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EtymologyEdit

From Middle High German gift f (gift, something given), Old High German gift f (gift), from Proto-Germanic *giftiz, which is a derivation of *gebaną (to give). Cognate with English gift.[1]

The word has been used as a euphemism for "poison" since Old High German, influenced by Late Latin dosis (dose), from Ancient Greek δόσις (dósis, something given; dose of medicine). The original meaning "gift" has disappeared in contemporary Standard German, but see Mitgift. Compare also Dutch gift (gift) alongside gif (poison).

PronunciationEdit

  • IPA(key): /ɡɪft/
  • Rhymes: -ɪft
  • (file)

NounEdit

Gift n (genitive Gifts or Giftes, plural Gifte)

  1. poison; toxin; venom
    • 2010, Der Spiegel, issue 31/2010, page 49:
      Der Mann ist Toxikologe, ein Experte für Gift. Er arbeitet für ein Pharma-Unternehmen.
      The man is a toxicologist, an expert on poison. He works for a pharmaceutical business.

Usage notesEdit

  • While the word is neuter in contemporary German, it may also occasionally be masculine in older texts.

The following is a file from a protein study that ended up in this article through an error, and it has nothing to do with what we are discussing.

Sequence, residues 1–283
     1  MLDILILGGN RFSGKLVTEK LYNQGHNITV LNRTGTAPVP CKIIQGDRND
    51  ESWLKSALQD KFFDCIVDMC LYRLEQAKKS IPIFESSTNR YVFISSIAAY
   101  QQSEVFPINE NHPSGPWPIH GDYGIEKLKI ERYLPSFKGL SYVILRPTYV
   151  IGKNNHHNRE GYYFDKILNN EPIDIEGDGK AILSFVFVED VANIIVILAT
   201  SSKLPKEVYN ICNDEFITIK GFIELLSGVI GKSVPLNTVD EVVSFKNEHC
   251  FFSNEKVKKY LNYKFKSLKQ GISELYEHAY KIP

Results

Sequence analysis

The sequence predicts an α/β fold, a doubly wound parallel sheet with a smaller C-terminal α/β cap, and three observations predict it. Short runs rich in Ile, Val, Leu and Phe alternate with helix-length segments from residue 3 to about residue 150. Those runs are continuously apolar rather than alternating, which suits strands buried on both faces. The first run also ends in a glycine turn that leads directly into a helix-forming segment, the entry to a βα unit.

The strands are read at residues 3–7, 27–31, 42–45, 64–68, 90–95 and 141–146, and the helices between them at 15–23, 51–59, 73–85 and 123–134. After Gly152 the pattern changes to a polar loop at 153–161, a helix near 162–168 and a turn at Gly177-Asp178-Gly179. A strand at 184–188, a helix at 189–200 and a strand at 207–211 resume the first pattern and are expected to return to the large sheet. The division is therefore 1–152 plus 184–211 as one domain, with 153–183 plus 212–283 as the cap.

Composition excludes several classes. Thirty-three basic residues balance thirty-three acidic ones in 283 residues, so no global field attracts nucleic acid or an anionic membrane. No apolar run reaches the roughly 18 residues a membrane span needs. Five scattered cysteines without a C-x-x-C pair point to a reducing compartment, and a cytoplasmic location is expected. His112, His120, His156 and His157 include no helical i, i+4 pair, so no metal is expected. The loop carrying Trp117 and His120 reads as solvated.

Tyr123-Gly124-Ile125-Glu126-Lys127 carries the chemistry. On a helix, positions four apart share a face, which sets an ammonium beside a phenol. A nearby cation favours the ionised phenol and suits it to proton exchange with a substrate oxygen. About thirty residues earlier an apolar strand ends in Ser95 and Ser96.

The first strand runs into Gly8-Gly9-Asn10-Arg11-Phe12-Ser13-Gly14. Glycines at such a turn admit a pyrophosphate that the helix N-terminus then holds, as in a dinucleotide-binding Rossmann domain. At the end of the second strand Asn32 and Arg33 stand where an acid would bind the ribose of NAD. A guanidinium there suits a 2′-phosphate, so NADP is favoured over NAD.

DeclensionEdit

Derived termsEdit

NounEdit

Gift f (genitive Gift, plural Giften)

  1. (obsolete) gift; something given

SynonymsEdit

Derived termsEdit

DescendantsEdit

  • Danish: gift (poison)
  • Saterland Frisian: Gift

ReferencesEdit

  1. ^ Kluge, Friedrich (1989), “Gift”, in Elmar Seebold, editor, Etymologisches Wörterbuch der deutschen Sprache [Etymological dictionary of the German language] (in German), 22nd edition, →ISBN

Further readingEdit

  • Gift in Duden online
  • Gift in Duden online
  • Gift” in Digitales Wörterbuch der deutschen Sprache

HunsrikEdit

PronunciationEdit

NounEdit

Gift n (plural Gifte)

  1. poison
    Sie hod Gift genomm.
    She took poison.
    Bass uff, das is Gift.
    Beware, this is poison.

Further readingEdit


Pennsylvania GermanEdit

EtymologyEdit

Compare German Gift, Dutch gif.

NounEdit

Gift n

  1. poison
  2. poison ivy, ivy poisoning